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UK Government Commits £2m Funding to Develop Anti-Drone Technologies

Ross Kelly


anti-drone technologies

18 projects will receive funding through the MoD’s Defence and Security Accelerator to boost anti-drone capabilities.

The UK Government has announced it will spend nearly £2 million to develop anti-drone technologies through a competition launched earlier this year.

18 projects will receive funding of £100,000 through the MoD’s Defence and Security Accelerator (DASA) to improve anti-drone capabilities, with universities and a host of companies from across the UK earmarked for cash boosts.

Run by DASA on behalf of the Defence Science and Technology Laboratory (Dstl), the competition is the latest stage in Dstl’s ongoing research programme into countering unmanned air systems (UAS). The programme has been running for 10 years.

Among the proposals being developed are methods for detecting 4G and 5G controlled drones, AI and machine learning for sensors to automatically detect UAVs (unmanned aerial vehicles) and a range of “interceptor solutions”.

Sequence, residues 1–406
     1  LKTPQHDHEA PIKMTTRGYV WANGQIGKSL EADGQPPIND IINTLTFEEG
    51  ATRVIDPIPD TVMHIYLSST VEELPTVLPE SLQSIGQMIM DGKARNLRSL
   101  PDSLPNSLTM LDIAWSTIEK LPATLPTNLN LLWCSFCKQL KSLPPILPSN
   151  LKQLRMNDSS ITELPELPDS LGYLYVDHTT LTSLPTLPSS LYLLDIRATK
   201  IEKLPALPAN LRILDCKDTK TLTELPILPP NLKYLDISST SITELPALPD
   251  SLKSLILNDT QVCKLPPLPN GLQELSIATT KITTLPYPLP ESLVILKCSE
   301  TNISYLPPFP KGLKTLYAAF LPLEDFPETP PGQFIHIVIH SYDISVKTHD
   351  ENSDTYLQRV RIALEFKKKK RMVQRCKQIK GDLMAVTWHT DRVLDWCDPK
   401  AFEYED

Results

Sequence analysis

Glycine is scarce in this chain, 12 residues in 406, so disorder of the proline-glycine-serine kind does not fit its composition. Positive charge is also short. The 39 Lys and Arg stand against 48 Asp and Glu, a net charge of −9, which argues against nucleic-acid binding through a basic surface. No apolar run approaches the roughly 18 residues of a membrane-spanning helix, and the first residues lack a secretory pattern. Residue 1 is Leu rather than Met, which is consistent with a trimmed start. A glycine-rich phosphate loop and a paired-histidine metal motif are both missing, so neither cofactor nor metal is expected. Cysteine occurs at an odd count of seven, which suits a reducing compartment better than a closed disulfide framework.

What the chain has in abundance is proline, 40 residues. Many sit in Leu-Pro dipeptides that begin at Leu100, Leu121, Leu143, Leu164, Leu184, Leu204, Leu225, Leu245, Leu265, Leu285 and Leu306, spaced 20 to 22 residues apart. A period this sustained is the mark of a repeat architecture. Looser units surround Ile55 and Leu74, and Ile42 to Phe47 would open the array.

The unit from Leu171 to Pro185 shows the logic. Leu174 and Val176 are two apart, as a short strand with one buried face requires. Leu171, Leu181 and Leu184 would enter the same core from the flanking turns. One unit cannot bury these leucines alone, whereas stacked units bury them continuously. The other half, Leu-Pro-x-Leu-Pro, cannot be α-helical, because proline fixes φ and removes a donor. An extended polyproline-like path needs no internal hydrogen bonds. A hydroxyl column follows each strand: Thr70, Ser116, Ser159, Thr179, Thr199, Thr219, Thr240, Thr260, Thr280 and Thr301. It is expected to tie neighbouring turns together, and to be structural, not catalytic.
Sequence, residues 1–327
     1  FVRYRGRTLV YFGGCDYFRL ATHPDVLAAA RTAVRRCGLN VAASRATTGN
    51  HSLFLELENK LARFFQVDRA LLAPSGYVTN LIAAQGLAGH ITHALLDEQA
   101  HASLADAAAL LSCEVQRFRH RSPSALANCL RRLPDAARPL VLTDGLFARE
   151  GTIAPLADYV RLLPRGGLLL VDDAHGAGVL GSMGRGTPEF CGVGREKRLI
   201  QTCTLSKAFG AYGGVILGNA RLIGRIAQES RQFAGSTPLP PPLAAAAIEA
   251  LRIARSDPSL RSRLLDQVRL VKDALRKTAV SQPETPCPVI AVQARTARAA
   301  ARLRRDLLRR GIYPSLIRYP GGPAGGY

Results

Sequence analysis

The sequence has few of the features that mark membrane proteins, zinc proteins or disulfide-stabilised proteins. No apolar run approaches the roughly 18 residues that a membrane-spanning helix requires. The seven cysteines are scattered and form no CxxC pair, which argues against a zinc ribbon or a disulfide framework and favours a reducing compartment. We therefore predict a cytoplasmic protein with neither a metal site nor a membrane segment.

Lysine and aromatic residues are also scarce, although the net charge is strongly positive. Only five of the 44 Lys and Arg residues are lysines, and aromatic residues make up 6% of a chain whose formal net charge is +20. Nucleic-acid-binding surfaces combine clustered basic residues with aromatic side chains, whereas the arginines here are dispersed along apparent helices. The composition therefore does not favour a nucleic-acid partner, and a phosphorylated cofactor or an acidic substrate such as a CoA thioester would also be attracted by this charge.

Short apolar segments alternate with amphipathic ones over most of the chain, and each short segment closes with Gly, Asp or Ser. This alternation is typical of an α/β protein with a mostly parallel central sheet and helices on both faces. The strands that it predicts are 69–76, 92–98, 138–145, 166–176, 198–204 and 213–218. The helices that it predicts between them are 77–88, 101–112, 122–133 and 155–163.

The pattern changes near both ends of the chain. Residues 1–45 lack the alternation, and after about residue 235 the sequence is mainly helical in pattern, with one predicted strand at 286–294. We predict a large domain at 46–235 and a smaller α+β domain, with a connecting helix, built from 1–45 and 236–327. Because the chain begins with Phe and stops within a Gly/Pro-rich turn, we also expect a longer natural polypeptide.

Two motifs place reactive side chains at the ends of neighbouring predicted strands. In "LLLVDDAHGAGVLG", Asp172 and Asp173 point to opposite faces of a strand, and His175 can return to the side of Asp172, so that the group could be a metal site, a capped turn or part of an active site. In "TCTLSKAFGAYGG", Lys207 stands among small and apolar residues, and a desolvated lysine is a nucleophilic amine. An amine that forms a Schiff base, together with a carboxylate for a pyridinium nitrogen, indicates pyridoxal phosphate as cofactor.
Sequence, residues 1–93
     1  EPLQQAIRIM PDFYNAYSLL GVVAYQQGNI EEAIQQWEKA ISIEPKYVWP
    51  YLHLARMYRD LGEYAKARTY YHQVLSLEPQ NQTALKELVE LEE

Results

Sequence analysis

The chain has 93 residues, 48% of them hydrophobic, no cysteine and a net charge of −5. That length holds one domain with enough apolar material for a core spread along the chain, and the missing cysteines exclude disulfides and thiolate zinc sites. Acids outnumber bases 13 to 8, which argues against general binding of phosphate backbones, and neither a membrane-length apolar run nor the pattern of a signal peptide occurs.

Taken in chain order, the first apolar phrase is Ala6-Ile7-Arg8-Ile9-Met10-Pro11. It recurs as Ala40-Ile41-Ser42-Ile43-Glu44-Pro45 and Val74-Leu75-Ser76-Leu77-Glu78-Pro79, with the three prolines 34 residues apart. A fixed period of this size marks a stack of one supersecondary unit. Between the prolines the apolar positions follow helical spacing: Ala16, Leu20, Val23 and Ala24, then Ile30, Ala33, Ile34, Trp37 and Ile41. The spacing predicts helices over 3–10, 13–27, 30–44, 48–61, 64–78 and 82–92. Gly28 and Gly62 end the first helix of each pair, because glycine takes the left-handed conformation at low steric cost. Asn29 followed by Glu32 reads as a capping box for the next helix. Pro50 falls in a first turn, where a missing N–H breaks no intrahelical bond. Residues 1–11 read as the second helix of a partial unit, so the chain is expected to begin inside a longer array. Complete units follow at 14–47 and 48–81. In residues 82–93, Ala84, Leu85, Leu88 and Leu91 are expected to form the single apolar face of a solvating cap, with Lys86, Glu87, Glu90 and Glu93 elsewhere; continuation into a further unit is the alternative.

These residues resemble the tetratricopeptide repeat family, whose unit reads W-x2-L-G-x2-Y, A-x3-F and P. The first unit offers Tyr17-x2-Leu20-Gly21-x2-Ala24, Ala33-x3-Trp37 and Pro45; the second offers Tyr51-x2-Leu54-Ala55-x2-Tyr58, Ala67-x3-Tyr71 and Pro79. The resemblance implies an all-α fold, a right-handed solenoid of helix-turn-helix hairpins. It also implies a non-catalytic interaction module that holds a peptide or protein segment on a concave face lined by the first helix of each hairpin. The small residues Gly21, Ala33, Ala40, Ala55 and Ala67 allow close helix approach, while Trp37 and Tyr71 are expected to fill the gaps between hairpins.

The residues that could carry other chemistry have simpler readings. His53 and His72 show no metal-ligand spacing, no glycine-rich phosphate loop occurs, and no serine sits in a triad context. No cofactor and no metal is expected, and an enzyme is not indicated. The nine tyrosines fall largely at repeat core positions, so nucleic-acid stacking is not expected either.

David Lugton, competition technical lead for DASA, commented: “The introduction of Unmanned Air Systems (UAS), often referred to as drones, has been one of the most significant technological advances of recent years and represents a shift in capability of potential adversaries. 

“The threat from UAS has evolved rapidly and we are seeing the use of hostile improved UAS threats in overseas theatres of operation.

“There is a similar problem in the UK with the malicious or accidental use of drones becoming a security challenge at events, affecting critical infrastructure and public establishments; including prisons and major UK airports.”

The move comes amid a period of concern over the increased use of drones across the UK. Last year, Gatwick Airport was brought to a standstill due to repeated drone sightings. More than 100,000 passengers were affected by the disruption just ahead of Christmas.

Last week the Civil Aviation Authority (CAA) also announced new drone regulations that will see pilots required to take an online test and register their ownership of a device before the end of this month.

The first phase of the competition will aim to demonstrate proof-of-concepts that can be further developed and integrated during later phases, the MoD confirmed. Phase 1 is expected to launch next year, with a strong focus placed on “developing and maturing” successful research projects that can be applied in real-world scenarios.

Ross Kelly

Staff Writer

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